[Editor's Note: This week, we published an article called "Why CDs May Actually Sound Better Than Vinyl." But not everyone here at L.A. Weekly agrees with that article's conclusions. This video and op-ed offers a counter-argument.]
To the MIT grads salivating over audiophile didacticism, I concede the following: Yes, those space-age coasters known as CDs sound cleaner. So to them, the resurgence of vinyl is a bohemian craze — like thrifting for soiled flannel shirts in the '90s.
But this is no fad: Six years of vinyl sales tripling (up 52 percent from 2013); CDs sales plummeting; teenagers squandering legal tender on obscure 45s that Matt Pinfield hasn't even heard of. Not because vinyl is en vogue, but because it's rebellious to be sophisticated.
Now more than ever, Americans are looking to the past to rebel against the present. The revived interest in musical antiquarianism follows a decade of disposable music on 99-cent earbuds, and the realization that iTunes and Spotify are turning us into curators of muddled playlists. More than just a physical format, vinyl represents a more tactile and monogamous relationship with music.
Collecting vinyl rejects a future where listening to music is a sacred as fapping on PornHub. Here then are five reasons why dusty wax is a fad-proof experience that's as American as baseball, Elvis and doo-wop.
5. It's the Musical Equivalent to Sex
Playing a CD is like transient mommy porn on a Kindle, while seducing the tiny grooves on an LP is like a slow-burning kiss. Holding an original U.K. pressing of Sgt. Pepper's, as your mouth waters over the faded rust on Ringo's trumpet, involves gently caressing history with your fingertips. Pulling it out of its inner sleeve, as it clings to the mildewing edges, exposes its naked wax like a scene from Fifty Shades of Grey. "CDs are like sex with a condom," said Bill Inglot, a well-known recording engineer. Records are less sterile. They pop, crackle, and wobble as the result of dirty residue — like sex in a backwoods swamp.
4. Collecting Vinyl Is Anti-Globalization
For today's twentysomething, finding that rare GG Allin record is rebellious, while downloading a single on iTunes is the musical equivalent of dad rock. Even purchasing a digitally remastered Never Mind the Bollocks, at Urban Outfitters no less, is still a bit more punk than goggling over The Sex Pistols' back catalog on YouTube. In a way, collecting vinyl is anti-globalization — a romantic return to the days of frolicking through the aisles of a local record store. It's how we display our identity, connect with a simpler time, and communicate the absurdity of playing Neil Young on iPhone speakers.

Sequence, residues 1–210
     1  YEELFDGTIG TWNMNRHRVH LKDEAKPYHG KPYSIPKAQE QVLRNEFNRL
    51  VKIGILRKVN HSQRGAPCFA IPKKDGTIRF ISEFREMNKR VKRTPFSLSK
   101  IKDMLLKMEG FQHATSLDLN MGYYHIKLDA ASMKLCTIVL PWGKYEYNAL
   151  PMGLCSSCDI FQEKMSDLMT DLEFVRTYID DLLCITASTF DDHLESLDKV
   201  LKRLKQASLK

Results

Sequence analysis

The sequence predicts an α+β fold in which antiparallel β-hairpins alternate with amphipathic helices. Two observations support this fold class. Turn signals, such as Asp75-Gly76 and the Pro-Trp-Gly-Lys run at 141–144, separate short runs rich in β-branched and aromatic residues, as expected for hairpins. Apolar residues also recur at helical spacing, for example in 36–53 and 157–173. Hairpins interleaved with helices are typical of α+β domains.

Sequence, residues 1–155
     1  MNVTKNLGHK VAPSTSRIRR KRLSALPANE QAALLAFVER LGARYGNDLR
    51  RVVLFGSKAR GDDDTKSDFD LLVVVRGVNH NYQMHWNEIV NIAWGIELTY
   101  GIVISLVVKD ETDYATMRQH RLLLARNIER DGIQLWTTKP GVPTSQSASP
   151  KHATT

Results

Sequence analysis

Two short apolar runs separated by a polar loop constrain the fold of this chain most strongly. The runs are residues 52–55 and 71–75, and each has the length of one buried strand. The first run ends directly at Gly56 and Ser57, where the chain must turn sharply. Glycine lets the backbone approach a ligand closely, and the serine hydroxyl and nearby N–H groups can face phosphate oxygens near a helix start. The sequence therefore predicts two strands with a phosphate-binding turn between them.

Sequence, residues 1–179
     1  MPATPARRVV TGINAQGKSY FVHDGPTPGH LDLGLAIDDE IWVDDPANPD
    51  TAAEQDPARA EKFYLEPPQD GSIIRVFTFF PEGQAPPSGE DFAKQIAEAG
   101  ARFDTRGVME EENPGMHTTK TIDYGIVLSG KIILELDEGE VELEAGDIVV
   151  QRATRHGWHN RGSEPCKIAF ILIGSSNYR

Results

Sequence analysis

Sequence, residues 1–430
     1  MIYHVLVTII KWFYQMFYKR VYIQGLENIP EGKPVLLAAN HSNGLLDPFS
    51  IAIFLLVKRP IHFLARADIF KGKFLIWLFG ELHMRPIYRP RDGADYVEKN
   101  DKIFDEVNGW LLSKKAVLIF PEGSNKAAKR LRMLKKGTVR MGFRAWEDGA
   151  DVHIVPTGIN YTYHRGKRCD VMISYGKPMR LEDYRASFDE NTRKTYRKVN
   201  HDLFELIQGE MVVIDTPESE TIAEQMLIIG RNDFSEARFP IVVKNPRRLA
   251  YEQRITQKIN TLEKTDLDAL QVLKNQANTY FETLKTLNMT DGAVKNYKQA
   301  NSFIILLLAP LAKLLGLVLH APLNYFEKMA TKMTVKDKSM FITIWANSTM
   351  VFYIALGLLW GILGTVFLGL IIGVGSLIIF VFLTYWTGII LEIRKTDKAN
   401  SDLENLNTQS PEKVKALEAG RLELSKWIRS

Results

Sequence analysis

3. It Reduces Our ADD
Locking that needle down on a groove forces you stop and listen (roughly 22 minutes for each side), calming your impulse to click through song after song on Spotify, like some meth-addled DJ. While the record spins, the liner notes offer insight into the creative process, while the artwork unveils a colorful past. That old book smell of a record sleeve offers a sophisticated departure from streaming through WiFi. Vinyl is the perfect antidote to the over-stimulation of streaming disjointed tracks in a noisy Starbucks, or worse, listening to an opera out of order — forgoing the libretto for a Facebook status update.
2. CDs Are Depressing
CDs are a tacky remnant of the '90s — right up there with pagers and fanny packs. They look like office supplies, with booklets stapled together like instructional manuals. The CD is the preferred format of serial killers, gangster rappers, and douchey DJs like Paul Oakenfold. Which explains why there's no "CD Store Day," and why CDs sales are nosediving like hair metal in 1991 (CDs sales fell 19.6% in 2014). There's also no return on investment, either. CDs don't have the baseball-card-like appeal that draws people to vinyl — which, if well-maintained, increases in value, while CDs depreciate into yet another VH1 I Love the 90s segment.
1. It Sounds Better
According to audiophiles, the "warmth" associated with analog sound is really just a distorted bass. Producing an accurate bass sound on vinyl is a challenge, which is why recording engineers prefer CDs. They alone want to hear John Coltrane's dense tenor sax beamed through Patrick Batemen's icy stereo system. But for music lovers, not music snobs, vinyl's crackling distortion, warped by the hands of time, makes you feel like you're cookin' with Coltrane in a smoke-filled club in Philly.
Music isn't meant to be analyzed like jet propulsion at NASA. Listening to a record has nothing to with the accuracy of the medium — it's about connecting with the period through a thicket of dust, and playing the same record that introduced someone to Dylan in '63. It's like hearing a faded recording of FDR addressing the nation in 1932 — it's not about the quality of his voice, but that direct connection with history, like listening to unruly grind of an old blues 78. Anyone that listens to the blues knows it's never about accuracy, or "dynamic range" — it's about soul.
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No loudspeaker test at Johns Hopkins will prove it, but vinyl sounds better because it's flawed, like humanity, who prefers imperfection to a Brave New World of laser beams and music through the cloud.